An extraordinary ride through spectacular, over-the-top filmmaking
Through Gangs of Wasseypur 2, Anurag Kashyap says one thing out loud to Bollywood, “Keh Ke Loonga.” As classy as a Hollywood gangster film, sleek and fast, the second installment of this gang-bang, wife cries, husband dies, stunningly superb finale, you have to give it to Kashyap – he has managed to keep up the innovative slangs till the very end.
Gangs of Wasseypur 2 is also all about the music. “Yaad teri aayegi,” spurts laughter and the insanely bona fide lyrics of "Hajimula" only make the sub-plots stronger. With over 25 soundtracks, unique ringtones for every hero and villain in the film, the music definitely steals the show. Sneha Khanwalkar and G.V. Prakash Kumar definitely deserve 'a pat on the back' for their unique style and approach to the music.
The revenge drama, ruthless vengeance and principal characterizations in Gangs of Wasseypur 2 make it an unbeatable plot. Coupled with brilliant cinematography by Rajeev Ravi, and fast-paced editing, Gangs of Wasseypur 2 is easier to comprehend, smoother and better created than its first installment.
The reason why Gangs of Wasseypur 2 is such an outstanding film is because every performance is top-notch.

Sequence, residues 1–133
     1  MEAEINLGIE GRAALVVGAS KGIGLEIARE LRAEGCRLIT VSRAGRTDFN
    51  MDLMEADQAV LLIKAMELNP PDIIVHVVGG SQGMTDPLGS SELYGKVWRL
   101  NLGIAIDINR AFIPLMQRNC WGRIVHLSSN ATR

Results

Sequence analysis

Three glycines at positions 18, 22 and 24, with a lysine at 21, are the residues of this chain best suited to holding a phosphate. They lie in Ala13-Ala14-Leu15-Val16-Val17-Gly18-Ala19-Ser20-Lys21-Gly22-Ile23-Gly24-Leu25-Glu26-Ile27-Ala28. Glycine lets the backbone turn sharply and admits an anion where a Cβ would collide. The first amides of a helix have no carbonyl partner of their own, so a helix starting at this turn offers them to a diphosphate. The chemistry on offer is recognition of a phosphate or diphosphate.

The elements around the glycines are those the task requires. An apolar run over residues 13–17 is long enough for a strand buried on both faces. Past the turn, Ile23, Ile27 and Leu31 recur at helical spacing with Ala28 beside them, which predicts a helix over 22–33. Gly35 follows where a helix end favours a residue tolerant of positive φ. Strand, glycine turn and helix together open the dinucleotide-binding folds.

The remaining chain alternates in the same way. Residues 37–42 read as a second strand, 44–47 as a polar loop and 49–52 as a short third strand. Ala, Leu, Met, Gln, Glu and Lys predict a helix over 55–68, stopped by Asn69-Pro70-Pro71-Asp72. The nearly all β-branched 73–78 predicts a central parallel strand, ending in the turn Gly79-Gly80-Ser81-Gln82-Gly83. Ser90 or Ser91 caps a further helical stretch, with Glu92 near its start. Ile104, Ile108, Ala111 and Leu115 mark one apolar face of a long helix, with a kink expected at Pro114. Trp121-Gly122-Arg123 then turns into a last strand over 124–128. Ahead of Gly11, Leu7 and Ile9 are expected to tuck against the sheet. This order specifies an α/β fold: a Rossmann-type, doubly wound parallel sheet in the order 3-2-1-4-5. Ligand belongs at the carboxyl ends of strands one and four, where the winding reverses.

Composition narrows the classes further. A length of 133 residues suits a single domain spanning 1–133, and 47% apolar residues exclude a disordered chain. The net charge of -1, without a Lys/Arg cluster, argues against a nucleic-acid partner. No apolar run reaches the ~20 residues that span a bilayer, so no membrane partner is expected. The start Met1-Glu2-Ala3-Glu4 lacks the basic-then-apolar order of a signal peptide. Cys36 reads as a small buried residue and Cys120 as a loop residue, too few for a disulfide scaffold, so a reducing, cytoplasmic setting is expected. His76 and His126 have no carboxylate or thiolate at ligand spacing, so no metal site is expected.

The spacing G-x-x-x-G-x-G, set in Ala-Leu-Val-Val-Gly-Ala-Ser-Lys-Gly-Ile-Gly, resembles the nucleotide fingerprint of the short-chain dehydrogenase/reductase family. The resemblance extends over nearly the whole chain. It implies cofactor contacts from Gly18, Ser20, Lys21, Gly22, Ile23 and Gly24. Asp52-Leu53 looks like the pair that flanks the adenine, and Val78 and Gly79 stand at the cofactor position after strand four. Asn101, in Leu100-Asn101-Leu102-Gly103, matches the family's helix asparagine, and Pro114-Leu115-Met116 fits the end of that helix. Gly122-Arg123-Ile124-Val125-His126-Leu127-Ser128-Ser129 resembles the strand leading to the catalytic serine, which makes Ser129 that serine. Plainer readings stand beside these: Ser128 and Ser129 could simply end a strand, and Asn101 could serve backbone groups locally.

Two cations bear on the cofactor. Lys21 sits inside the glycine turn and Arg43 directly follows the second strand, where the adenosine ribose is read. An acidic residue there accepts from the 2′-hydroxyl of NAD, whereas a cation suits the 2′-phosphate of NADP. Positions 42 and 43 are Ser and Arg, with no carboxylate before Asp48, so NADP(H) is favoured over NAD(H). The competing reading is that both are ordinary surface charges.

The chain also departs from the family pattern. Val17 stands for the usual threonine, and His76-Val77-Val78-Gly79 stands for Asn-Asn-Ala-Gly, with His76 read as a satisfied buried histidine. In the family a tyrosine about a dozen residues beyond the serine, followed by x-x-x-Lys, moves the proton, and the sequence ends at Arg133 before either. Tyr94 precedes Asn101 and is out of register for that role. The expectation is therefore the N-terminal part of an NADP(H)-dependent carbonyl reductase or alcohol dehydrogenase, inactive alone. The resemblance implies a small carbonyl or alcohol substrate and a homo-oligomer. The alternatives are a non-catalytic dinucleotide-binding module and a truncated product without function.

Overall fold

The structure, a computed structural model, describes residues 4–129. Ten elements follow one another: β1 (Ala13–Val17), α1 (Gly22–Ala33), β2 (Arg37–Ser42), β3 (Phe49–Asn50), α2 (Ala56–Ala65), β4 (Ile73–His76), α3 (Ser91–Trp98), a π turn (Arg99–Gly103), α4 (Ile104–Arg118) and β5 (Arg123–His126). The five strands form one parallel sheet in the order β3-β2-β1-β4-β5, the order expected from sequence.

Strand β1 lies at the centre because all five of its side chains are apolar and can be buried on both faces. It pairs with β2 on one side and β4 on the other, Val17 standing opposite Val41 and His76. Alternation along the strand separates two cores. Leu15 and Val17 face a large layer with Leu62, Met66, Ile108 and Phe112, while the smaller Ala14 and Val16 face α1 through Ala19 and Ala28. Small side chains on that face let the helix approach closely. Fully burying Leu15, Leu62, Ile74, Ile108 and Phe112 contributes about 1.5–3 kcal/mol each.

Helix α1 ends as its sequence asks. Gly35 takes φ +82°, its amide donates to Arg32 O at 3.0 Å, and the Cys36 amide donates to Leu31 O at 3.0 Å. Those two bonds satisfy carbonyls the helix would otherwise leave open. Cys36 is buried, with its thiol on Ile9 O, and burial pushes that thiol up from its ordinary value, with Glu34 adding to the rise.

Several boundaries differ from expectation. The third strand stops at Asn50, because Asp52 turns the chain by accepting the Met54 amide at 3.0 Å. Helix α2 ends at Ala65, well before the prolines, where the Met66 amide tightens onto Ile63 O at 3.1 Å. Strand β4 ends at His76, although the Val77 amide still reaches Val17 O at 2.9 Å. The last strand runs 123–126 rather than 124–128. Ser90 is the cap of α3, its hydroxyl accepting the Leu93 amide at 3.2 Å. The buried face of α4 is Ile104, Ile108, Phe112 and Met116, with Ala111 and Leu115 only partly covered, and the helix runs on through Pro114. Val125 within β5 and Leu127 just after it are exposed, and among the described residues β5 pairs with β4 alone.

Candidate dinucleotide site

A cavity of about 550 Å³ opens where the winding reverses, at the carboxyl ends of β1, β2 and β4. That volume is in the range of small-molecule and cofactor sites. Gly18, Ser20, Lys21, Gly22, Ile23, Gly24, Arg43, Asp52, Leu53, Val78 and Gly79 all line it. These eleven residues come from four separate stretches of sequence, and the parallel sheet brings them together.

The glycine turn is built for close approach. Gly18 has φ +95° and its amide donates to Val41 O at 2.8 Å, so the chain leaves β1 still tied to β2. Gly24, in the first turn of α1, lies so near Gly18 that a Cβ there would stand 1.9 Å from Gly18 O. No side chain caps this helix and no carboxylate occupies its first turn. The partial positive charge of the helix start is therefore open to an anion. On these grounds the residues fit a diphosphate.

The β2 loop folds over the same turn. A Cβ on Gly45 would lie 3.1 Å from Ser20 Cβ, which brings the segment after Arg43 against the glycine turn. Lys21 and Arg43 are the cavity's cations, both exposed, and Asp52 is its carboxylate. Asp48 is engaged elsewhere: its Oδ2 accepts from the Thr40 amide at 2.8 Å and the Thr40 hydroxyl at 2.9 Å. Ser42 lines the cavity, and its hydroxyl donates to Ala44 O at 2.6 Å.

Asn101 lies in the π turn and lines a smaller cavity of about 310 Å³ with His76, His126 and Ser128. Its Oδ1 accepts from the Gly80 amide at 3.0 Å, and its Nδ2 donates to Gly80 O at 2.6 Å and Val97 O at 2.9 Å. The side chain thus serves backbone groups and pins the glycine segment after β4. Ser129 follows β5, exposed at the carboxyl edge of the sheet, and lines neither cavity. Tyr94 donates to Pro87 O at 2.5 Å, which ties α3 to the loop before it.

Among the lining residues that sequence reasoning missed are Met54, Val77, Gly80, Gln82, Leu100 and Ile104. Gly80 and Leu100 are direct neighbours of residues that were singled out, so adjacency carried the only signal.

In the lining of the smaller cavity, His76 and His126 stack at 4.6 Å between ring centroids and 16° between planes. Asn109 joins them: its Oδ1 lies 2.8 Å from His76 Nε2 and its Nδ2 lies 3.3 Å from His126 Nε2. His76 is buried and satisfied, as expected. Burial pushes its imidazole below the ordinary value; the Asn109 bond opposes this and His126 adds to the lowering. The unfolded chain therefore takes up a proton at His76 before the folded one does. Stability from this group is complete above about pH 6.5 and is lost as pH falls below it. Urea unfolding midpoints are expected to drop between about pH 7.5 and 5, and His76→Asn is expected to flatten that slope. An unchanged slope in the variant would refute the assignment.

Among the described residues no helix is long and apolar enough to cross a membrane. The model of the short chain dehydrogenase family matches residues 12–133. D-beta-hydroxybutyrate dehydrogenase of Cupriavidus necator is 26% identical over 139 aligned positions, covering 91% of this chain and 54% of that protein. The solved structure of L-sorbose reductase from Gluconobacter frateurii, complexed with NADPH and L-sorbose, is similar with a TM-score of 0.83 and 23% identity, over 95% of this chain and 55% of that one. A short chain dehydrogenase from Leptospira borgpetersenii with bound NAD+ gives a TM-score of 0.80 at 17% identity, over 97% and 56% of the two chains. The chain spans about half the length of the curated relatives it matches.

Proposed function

The introduction of novel characters like, “Tangent and Perpendicular” adds uncanny humour to the script. Kashyap brings to the screen a powerful character and stunning performance by Zeishan Quadri playing the legendary Definite Khan”.
With Gangs of Wasseypur: Part One, being highly praised for its story, Part Two was eagerly awaited to be scrutinized in plot and standards of Manoj Bajpai’s flawless acting as Sardar Khan.
Gangs of Wasseypur 2, does not, remotely, disappoint.
For those who haven’t watched Gangs of Wasseypur 1, this installment, is incomprehendable.
For those who have, the prequel, ended with the death of Sardar Khan (Manoj Bajpayee), leaving his sons to avenge his death. Shot beautifully, Gangs of Wasseypur 2 opens with the sequences of Sardar Khan’s death unfolding from a different camera point of view – a noir film trait synonymous with Kashyap’s brilliance.
While Faizal (Nawazuddin Siddiqui) is engulfed in the smoke of ganja, it’s up to Danish (Vineet Singh) to demand blood. But Ramadhir Singh (Tigmanshu Dhulia) and Sultan (Pankaj Tripathi) get back by gunning down Danish in cold blood.